Development and Validation of the Somali WHOQOL-BREF among Refugees Living in the USAQuality of Life Research
AbstractPurpose This study is the first translation and validation of the WHOQOL-BREF for general use in Somali refugee populations. Methods A community sample of 303 Somali refugees living in the USA responded to the WHOQOL-BREF following translation, adaptation, and validation guidelines established by the World Health Organization. Psychometric properties of the quality of life instrument were assessed including tests of the four-domain factor structure using multiple regression and principal component analysis. Results Principal component analysis demonstrated an acceptable fit between PCA components and original WHOQOL-BREF domains. Four components had eigenvalues greater than one and explained 63.4 % of the observed variance. Most scale items loaded like the original WHOQOL-BREF domains, with the notable difference among four items of physical health that loaded more strongly under the environment domain. Construct validity of the scale was confirmed by higher intercorrelations of each WHOQOL-BREF item with its intended domain (all r 2 > 0.50) than with other domains. Multiple regression analyses of the domain scores on overall quality of life (Q1) and health satisfaction (Q2) explained half of the observed variance in each measure. Item correlations showed good internal consistency (0.65 ≥ Cronbach’s alpha ≤ 0.82). Conclusions Validation of this first Somali version of the WHOQOL-BREF provides further evidence that this instrument can be a valid measure for cross-cultural comparative studies of quality of life. Policies that address health disparities can be more broadly evaluated if quality of life is systematically measured in the community. This is particularly important for evaluating policy impact and implications for refugee populations.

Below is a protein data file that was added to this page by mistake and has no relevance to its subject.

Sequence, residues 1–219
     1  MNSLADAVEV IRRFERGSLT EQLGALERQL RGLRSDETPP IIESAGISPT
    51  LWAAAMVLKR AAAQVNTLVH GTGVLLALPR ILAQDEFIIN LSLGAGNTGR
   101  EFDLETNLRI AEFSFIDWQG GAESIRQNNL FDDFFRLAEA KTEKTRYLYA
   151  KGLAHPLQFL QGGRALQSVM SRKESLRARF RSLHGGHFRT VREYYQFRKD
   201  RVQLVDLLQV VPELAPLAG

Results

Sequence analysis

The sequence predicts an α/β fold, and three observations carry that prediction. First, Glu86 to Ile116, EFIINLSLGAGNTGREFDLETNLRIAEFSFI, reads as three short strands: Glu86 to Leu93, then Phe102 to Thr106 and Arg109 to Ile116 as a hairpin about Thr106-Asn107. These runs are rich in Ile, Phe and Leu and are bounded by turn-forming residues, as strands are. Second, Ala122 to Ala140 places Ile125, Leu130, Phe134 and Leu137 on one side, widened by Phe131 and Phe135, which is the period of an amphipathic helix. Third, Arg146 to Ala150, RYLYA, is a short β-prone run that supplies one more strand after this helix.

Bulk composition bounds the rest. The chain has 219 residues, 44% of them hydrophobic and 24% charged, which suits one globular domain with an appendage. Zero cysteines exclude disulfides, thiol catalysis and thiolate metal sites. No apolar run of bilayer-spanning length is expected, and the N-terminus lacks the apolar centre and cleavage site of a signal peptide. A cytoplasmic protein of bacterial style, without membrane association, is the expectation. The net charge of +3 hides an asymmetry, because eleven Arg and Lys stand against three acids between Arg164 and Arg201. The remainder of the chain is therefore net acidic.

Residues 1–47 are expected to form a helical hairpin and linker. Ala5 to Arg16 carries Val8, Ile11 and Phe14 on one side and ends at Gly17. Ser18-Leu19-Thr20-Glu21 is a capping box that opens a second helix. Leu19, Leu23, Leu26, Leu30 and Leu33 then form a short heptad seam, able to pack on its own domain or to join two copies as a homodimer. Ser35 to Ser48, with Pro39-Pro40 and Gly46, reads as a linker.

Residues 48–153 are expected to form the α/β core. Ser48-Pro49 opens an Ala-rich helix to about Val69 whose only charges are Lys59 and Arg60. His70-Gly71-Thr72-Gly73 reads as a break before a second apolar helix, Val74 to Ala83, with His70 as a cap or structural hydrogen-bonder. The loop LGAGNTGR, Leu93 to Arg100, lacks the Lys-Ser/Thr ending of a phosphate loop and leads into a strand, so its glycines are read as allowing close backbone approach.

Citation InformationCristina Redko, Nikki Lynn Rogers, Liban Bule, Hawa Siad, et al.. "Development and Validation of the Somali WHOQOL-BREF among Refugees Living in the USA" Quality of Life Research (2014) ISSN: 09629343
Available at: http://works.bepress.com/nikki_rogers/42/